From the above statement, Mark has suffered losses such as property damage, consequential economic loss, and loss of profits. Mark may have claims in tort of negligence. Negligence operates as a means to compensate a claimant for foreseeable losses caused by a defendant’s breach of duty of care.  In order to win his claims, he must prove four elements on preponderance of evidence and on balance of probabilities: 1. The party owed Mark a duty of care 2. The party breached such duty 3. The party’s breach caused the damage which he suffered and;
Mark must show that the damage suffered is not too remote from the party’s negligence. I will examine whether Mark will have any successful claims towards the relevant parties based on the elements listed. AMBER BOROUGH COUNCIL Amber Borough Council (ABC) is the local education authority who owns Amber Valley Primary School; the school was set fire by a group of youths and caused damage to the neighbouring property including Mark’s shop. The issue is whether ABC owes duty of care to Mark. In order to claim the damage, we shall follow the three-fold test laid down by the House of Lords in Caparo Industries plc v Dickman.
“(i) There must be reasonable foreseeability, (ii) a close and direct relationship of ‘proximity’ between the parties and; (iii) it must be fair, just and reasonable to impose liability,” First issue is whether ABC owes duty to exercise reasonable care to prevent youths obtaining unlawful access to the school. It depends on whether the occurrence of such behaviour was reasonably foreseeable by ABC. The leading case, Smith v Littlewoods Organisation Ltd has similar facts with the above statement. According to the Law lords, it is a matter of knowledge.
Where the defendant has knowledge or means of knowledge that a third party has created or is creating the risk of fire, or indeed has started a fire, on his premises, and then fails to take reasonable steps to prevent any such fire from damaging neighbouring property, he may be liable for the damage.  In Smith, it was held that the occurrence of such behaviour was not reasonably foreseeable by Littlewoods because they had no knowledge of the wrongdoings at all as the observers did not inform either Littlewoods or the police.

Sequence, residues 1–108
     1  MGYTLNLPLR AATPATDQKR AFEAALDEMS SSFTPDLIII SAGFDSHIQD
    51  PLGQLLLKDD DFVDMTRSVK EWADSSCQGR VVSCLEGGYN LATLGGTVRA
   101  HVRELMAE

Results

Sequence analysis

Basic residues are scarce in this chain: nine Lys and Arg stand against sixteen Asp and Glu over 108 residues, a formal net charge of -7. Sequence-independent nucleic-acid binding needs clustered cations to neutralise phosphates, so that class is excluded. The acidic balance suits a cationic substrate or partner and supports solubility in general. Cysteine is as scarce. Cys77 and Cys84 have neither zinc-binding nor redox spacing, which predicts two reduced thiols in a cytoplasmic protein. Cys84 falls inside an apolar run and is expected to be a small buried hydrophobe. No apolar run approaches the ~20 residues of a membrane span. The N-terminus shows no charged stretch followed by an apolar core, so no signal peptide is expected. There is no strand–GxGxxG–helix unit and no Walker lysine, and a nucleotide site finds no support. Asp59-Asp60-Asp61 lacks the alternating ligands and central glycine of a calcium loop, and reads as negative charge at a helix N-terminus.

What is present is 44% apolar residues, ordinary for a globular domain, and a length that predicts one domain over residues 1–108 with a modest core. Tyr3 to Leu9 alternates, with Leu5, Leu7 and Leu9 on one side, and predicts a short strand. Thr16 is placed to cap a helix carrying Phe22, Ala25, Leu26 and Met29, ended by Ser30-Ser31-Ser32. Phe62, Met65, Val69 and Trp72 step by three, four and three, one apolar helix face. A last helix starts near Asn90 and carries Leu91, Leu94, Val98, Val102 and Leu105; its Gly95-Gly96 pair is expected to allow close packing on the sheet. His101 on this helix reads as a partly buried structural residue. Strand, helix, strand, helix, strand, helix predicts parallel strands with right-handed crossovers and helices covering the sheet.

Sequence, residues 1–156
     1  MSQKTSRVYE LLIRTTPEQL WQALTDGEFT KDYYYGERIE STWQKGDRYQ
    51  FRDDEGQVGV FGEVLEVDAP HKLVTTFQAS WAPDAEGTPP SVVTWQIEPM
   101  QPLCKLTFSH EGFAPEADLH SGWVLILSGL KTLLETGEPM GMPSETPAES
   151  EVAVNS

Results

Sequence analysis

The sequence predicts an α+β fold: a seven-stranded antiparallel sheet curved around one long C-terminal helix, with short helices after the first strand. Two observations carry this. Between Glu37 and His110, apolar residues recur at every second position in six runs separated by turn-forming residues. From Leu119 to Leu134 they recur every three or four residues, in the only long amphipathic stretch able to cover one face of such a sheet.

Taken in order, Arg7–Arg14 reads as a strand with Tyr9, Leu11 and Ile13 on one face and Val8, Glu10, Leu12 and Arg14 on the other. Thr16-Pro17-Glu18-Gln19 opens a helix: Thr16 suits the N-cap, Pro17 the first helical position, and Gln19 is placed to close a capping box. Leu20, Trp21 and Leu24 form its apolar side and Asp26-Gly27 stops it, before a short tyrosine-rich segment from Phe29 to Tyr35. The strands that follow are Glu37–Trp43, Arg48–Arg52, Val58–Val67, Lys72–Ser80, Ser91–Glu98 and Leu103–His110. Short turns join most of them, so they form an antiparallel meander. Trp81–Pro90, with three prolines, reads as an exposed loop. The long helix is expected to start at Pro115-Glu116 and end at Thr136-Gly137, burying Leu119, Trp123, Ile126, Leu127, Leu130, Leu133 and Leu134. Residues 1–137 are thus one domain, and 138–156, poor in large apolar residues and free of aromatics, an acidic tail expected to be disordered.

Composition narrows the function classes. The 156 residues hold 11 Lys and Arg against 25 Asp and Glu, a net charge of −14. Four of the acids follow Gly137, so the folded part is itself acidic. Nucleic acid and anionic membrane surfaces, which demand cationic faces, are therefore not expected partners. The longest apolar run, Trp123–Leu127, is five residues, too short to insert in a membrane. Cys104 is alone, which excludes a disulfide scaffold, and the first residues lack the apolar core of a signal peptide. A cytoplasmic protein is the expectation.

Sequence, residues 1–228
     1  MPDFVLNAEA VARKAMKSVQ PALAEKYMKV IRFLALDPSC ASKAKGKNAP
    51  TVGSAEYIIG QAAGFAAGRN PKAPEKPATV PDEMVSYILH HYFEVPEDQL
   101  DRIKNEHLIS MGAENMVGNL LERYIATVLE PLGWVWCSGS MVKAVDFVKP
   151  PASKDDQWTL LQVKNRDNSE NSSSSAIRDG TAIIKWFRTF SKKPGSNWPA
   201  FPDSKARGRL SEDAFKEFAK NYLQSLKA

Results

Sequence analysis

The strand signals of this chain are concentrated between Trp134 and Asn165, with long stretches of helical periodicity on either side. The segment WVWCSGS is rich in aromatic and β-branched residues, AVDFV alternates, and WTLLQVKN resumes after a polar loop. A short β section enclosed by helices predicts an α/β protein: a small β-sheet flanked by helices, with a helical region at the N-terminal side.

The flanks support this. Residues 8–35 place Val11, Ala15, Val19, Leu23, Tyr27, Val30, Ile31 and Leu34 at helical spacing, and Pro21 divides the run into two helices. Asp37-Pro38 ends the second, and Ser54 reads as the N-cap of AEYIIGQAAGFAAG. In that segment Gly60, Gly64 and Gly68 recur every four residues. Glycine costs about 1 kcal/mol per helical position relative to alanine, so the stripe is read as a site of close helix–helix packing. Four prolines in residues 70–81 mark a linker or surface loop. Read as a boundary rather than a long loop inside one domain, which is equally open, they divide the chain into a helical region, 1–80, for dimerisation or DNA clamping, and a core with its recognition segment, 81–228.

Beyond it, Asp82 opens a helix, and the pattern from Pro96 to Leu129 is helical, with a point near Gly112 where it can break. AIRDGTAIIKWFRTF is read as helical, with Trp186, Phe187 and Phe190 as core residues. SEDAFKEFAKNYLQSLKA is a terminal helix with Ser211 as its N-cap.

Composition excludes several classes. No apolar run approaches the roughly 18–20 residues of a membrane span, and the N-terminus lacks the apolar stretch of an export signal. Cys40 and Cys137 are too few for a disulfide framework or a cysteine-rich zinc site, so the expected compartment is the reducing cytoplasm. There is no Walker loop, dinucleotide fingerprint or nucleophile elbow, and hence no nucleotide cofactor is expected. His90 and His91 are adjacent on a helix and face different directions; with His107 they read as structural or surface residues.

However, on the facts, it should have been reasonably foreseeable by ABC because they had known of the activities of the youths as the local residents had reported that. The next issue is whether ABC owes to Mark a duty to exercise reasonable care to ensure that the school was not and did not become a source of danger to neighbouring property. According to Lord Brandon of OakBrook in Smith, Littlewoods owed such duty and they failed to take exercise reasonable care. On the facts, ABC may argue that they had place fencing around the site as precautions to avoid such danger.
However, since there are a number of occasions that the youths had been breaking into the school, the fencing might not be sufficient and cannot be considered as a reasonable care. Perhaps, hiring a 24-hour security guard to supervise would be sufficient, but that would be intolerable and unfair to impose such duty to ABC. Bearing in mind that even if the result is foreseeable, an ordinarily careful man does not take precautions against every foreseeable risk, life would be almost impossible if he were to attempt to take precautions against every risk.  Next issue arises from a relationship of proximity between the parties.
Lord Goff added that no such general duty exists even between those who are neighbours.  As a general rule, individuals are not subjected to any general duty to protect their ‘neighbours’ from others’ tortious conduct outside the circumstances in which the principles of vicarious liability operate, even if the loss is foreseeable and preventable.  So, there is no special relationship between ABC and the youths, and ABC has no duty to safeguard Mark’s property from the wrongful conduct of the youths. It is duty owed by those persons who supervised and had control over the youths.
Since ABC had no control over the youths’ actions and there was nothing inherently dangerous about an empty school, it is not fair, just and reasonable to impose duty to prevent harm being caused by a source of danger which has arisen without his fault. Mere foreseeability of damage was not sufficient to impose duty of care on ABC, as it does not satisfy the ‘proximity’, ABC is not likely to be liable.  JUSTIN AND JASON On the facts, Justin and Jason (J&J) who were under duty to supervise the youths, had gone for a cigarette break and left the unsupervised youths at the time caused the damage to premises.